By Patricia Tobin
(538 words, 5-minute read)
From Stepford Wives to The Real Housewives, the idealised American woman is always found in the kitchen. But is she happy? In The Feminine Mystique (1963), Betty Friedan found that most housewives of this era were unfulfilled within the domestic space. Creator-director Emanuella Amichai addresses this in The Neighbor’s Grief is Greener by dismantling the fractured identity of women in the 1950s. With a twisted smile, the show tackles the stifling societal conformity imposed on women through bold visuals and arresting physical performances.
Performers Ayala Bresler-Nardi, Meirav Elchadef, Merav Dagan and Julie Nesher play out caricatures of objectified mid-20th century women. There is the perfect housewife, the sexpot, the shy klutz, and a woman with a pail over her head, a metaphor for those with heads buried in the sand. The lone male character (Jeremie Elffasy) is naturally, the husband.
The era is a playground for the cast: the women lip sync to The Chordettes’ ‘Mr. Sandman’, a couple performs a scene from I Love Lucy, the sexpot reenacts a Marilyn Monroe interview. This takes place on a stage floor awash with bright red blood where a cooking demonstration has gone wrong. The dizzying feminine energy, set in tension with the striking representation of lurking violence is morbidly fascinating. The klutz falls but ends up happily splashing among the blood and later, strips to a leotard and performs a synchronised swimming routine. Her carefree display is enthralling as she stays afloat amidst the blood. Her graceful athleticism conveys a yearning to be the woman of her dreams, unfettered by patriarchy.
Most of all, the performative act of gender is deeply apparent, as after all, the women put on a show both literally and metaphorically. When the man is onstage, the women often “play dead”, sprawled across the blood-soaked floor. They are occasionally playthings for the man, as he drags them across the stage or rearranges their poses. The women’s lethargy highlights a disparity between their portrayal as distinct individuals and their sporadic passive behaviour. Amichai reinforces Friedan’s argument here, that a woman always suffers a loss of identity within a patriarchal regime.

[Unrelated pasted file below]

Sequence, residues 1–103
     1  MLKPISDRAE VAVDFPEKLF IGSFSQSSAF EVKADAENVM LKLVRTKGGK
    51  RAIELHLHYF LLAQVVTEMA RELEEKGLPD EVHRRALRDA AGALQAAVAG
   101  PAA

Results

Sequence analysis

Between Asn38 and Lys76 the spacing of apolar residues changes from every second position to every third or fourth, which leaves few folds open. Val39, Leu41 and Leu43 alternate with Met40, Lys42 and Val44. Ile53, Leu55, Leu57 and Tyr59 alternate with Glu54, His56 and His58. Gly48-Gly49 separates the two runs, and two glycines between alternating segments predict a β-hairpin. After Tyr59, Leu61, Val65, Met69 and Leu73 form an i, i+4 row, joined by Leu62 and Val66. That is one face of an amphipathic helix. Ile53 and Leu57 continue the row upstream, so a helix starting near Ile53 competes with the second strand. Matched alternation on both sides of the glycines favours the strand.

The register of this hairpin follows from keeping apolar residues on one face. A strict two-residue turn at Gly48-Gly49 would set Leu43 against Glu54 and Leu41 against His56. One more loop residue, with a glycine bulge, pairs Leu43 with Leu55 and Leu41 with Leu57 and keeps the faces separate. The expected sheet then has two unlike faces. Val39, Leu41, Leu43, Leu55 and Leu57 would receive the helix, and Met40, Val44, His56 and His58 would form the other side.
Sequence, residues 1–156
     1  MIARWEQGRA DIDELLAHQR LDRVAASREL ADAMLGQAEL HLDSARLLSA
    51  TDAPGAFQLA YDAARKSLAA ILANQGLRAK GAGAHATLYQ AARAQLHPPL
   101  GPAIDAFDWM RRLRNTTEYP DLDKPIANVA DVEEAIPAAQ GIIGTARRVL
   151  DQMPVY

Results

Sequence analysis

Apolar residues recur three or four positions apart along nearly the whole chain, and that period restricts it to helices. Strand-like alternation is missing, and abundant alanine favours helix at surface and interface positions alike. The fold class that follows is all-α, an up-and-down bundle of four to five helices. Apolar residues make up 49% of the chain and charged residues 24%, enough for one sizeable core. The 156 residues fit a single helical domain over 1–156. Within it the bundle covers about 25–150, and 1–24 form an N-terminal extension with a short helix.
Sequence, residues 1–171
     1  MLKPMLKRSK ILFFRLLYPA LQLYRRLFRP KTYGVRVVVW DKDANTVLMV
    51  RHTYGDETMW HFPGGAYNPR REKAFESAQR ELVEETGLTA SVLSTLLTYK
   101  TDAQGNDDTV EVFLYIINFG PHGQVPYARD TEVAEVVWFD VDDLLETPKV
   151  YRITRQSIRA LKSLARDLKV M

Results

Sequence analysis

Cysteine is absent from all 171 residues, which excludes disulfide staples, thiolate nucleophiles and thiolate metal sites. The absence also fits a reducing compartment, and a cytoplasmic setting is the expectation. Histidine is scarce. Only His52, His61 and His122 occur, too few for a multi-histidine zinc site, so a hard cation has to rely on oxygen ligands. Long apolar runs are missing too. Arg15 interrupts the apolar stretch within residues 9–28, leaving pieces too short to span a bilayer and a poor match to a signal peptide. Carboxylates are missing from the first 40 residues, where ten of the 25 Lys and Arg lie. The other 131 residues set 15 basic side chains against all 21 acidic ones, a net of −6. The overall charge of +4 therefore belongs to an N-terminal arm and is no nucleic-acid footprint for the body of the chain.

The women’s fragmented identity reflected in this era is purposeful, yet the 1950s framework equally restricts Amichai’s fiercely feminist ambition. The show ends with a couple in a slow dance, showcasing the then-ideal version of a happy ending. Amichai aims for irony with what might be perceived as a loving embrace or a final, fatal dance of death, but it also abruptly halts the idiosyncratic feminine energy found in previous scenes. This framing is off putting, awkward even.
In the post-show discussion, Amichai stated that The Neighbor’s Grief is Greener first premiered eight years ago but that the piece is always evolving. However, it is difficult to find the relevancy of a 1950s satirical production in today’s #MeToo feminist wave. The show’s sealed world is cut off from the very real pressures faced by modern women. The identity crisis of predominantly white, hetrosexual, middle-class housewives sits opposed to the rise of intersectional feminism. The gendered physicality, macabre window dressing and seductive visuals are alluring but intrinsically performative. The impact or message is suppressed by the outmoded constraints of a bygone era.
This review is based on the performance on 24 January 2018 at 8pm. The Neighbor’s Grief Is Greener by Emanuella Amichai ran from 23 to 24 January at the Esplanade Theatre Studio as part of the M1 Singapore Fringe Festival.
Patricia Tobin is an arts writer from Singapore. She tweets at @havesomepatty.
This review was written as part of the Lyn Gardner Theatre Criticism Training Program, an Initiative by the National Arts Council, managed by ArtsEquator.com.
About the author(s)
Patricia is a freelance critic from Singapore. She has been writing about theatre since 2014. She was part of ArtsEquator‘s Performance Criticism Training Program under Matthew Lyon and Lyn Gardner. She has chaired sessions at the Melbourne Writers’ Festival and at Centre 42.